Page last updated at 13:18 GMT, Friday, 5 June 2009 14:18 UK

'Birdman' reunited with his owl

Eagle owl and hadler
The eagle owl was found starving after four months trying to survive in the wild

A hand-reared eagle owl that escaped from its handler in February has been found alive after coming within hours of starving to death.

The bird, which was kept at an aviary in Braco, Perthshire, fled while being weighed by Falconer Steve Burdett.

He had given up all hope of finding her alive after searching for weeks because she cannot hunt.

However, the Scottish SPCA said the animal was discovered in a garden in Aberfoyle, 20 miles from home.

Mr Burdett, known locally as the "Birdman of Braco", said he had searched "high and low" for the eagle owl for two months before assuming that she must have died.

I was out day and night looking for her and following up on various sightings. Eventually I accepted she was probably dead
Steve Burdett, owner

He has cared for the animal since she was left on his doorstep two and a half years ago as a small chick.

He said: "I've looked after her ever since, hand-rearing her and she wasn't used to hunting.

"She was being weighed when a dog came in and opened the door, and she got a fright and flew off.

"I was out day and night looking for her and following up on various sightings.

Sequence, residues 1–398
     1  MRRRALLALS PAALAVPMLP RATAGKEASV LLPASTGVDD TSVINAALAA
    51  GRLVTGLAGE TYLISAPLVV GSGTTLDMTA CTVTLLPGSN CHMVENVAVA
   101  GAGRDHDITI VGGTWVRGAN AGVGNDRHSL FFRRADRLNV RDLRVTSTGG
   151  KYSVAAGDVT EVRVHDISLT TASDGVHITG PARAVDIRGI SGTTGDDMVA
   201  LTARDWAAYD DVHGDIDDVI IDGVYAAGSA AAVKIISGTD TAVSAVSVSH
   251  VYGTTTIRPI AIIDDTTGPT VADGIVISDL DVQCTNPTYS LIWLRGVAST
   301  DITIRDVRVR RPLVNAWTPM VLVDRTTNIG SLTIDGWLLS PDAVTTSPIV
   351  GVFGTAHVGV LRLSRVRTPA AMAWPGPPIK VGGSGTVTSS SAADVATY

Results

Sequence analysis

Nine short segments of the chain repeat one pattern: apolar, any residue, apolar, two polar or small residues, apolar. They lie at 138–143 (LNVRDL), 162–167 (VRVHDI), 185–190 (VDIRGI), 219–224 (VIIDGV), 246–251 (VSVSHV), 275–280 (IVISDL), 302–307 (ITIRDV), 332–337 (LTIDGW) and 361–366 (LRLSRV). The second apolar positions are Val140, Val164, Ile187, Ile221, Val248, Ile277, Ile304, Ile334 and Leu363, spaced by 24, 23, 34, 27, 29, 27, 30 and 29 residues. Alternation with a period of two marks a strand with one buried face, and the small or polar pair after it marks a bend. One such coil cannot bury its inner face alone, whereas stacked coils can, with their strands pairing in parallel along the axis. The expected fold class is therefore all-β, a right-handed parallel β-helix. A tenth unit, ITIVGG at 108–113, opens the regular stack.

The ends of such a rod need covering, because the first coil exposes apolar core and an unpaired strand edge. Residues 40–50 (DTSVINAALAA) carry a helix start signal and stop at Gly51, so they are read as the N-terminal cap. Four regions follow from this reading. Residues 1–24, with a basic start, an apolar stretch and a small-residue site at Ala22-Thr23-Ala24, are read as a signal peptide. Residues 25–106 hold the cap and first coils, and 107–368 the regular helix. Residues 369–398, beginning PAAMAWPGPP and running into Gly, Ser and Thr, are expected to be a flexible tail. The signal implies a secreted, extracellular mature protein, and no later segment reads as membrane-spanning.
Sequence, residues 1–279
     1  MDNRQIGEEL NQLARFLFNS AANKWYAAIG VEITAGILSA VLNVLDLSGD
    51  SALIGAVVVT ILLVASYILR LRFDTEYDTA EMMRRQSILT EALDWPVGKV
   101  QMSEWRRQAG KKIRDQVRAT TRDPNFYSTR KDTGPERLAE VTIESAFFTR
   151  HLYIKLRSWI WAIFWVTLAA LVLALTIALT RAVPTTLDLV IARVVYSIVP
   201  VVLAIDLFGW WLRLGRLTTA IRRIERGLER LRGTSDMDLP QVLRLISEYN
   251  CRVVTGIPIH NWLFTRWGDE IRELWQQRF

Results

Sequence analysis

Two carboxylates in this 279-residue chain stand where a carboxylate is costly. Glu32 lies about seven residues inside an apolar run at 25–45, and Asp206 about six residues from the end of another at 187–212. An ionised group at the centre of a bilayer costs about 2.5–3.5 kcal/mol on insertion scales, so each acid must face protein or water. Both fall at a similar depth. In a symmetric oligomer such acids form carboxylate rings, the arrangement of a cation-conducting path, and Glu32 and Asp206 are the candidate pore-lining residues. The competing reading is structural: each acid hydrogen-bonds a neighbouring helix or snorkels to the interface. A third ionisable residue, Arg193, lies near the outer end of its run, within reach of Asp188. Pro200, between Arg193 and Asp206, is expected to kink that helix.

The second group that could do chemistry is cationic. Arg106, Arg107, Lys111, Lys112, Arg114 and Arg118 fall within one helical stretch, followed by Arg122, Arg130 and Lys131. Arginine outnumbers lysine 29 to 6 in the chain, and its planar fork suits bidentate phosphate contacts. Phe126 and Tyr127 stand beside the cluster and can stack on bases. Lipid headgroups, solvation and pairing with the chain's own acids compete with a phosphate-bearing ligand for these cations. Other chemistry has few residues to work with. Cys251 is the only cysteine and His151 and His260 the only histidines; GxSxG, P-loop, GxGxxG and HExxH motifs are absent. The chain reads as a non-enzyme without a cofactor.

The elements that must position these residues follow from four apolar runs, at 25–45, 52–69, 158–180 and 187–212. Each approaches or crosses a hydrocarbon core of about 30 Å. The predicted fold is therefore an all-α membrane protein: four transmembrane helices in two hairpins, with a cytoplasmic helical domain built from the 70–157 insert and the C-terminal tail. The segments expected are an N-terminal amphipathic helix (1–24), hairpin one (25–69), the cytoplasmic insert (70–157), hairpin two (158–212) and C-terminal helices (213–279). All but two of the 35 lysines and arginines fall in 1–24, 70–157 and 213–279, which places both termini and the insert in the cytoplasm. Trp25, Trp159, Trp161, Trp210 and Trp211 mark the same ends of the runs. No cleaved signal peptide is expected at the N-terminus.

"Eventually I accepted she was probably dead."

'Magnificent bird'

Mr Burdett said the bird had probably been surviving on road kill.

Rescuers said that the bird was just hours from death when she was found and was so weak crows were attacking her.

Scottish SPCA manager Colin Seddon said: "We are delighted that we have been able to reunite this magnificent bird with its owner.

"The majority of the injured and sick wildlife that come in to our centre are treated, rehabilitated and then released back to their natural habit.

"It's not often we have people coming forward to claim a lost mammal or bird.

"As luck would have it, the owners got in touch."

European eagle owls, which have a wingspan of up to two metres, became extinct in Scotland in the 19th century.

They prey on rabbits, hares and other birds, but are known to feed on creatures as big as foxes and small deer.

Print Sponsor

The BBC is not responsible for the content of external internet sites

Has China's housing bubble burst?
How the world's oldest clove tree defied an empire
Why Royal Ballet principal Sergei Polunin quit


Sign in

BBC navigation

Copyright © 2016 BBC. The BBC is not responsible for the content of external sites. Read more.

This page is best viewed in an up-to-date web browser with style sheets (CSS) enabled. While you will be able to view the content of this page in your current browser, you will not be able to get the full visual experience. Please consider upgrading your browser software or enabling style sheets (CSS) if you are able to do so.

Americas Africa Europe Middle East South Asia Asia Pacific